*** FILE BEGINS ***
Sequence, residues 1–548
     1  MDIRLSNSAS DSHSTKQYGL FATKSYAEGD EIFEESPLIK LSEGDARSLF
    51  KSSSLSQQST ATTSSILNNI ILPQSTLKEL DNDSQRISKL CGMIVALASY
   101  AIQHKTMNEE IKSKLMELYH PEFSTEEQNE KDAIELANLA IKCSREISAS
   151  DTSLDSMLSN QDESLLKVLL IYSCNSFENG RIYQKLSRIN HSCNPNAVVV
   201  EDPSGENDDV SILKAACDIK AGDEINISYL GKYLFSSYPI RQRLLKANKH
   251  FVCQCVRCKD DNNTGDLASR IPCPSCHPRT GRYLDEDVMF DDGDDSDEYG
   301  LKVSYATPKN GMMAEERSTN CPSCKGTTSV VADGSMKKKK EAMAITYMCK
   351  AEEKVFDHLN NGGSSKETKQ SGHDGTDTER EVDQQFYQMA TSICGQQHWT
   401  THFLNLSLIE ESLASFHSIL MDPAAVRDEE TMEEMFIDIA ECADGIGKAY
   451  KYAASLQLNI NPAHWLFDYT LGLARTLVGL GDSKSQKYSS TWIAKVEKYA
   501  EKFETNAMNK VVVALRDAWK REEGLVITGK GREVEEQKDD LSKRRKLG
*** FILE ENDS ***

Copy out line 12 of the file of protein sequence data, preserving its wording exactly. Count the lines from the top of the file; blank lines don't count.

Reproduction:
   501  EKFETNAMNK VVVALRDAWK REEGLVITGK GREVEEQKDD LSKRRKLG